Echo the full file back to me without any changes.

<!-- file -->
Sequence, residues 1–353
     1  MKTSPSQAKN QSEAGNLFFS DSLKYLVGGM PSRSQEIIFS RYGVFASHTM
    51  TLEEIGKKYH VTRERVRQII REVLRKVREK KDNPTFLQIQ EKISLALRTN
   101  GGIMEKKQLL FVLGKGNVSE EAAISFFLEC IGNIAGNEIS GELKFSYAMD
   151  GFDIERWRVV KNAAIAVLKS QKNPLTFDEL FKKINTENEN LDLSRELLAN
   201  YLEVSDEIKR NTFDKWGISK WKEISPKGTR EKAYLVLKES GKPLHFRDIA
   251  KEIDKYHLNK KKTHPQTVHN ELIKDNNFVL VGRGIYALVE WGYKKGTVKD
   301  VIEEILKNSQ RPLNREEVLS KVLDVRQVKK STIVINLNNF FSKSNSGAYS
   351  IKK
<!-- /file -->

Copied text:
Sequence, residues 1–353
     1  MKTSPSQAKN QSEAGNLFFS DSLKYLVGGM PSRSQEIIFS RYGVFASHTM
    51  TLEEIGKKYH VTRERVRQII REVLRKVREK KDNPTFLQIQ EKISLALRTN
   101  GGIMEKKQLL FVLGKGNVSE EAAISFFLEC IGNIAGNEIS GELKFSYAMD
   151  GFDIERWRVV KNAAIAVLKS QKNPLTFDEL FKKINTENEN LDLSRELLAN
   201  YLEVSDEIKR NTFDKWGISK WKEISPKGTR EKAYLVLKES GKPLHFRDIA
   251  KEIDKYHLNK KKTHPQTVHN ELIKDNNFVL VGRGIYALVE WGYKKGTVKD
   301  VIEEILKNSQ RPLNREEVLS KVLDVRQVKK STIVINLNNF FSKSNSGAYS
   351  IKK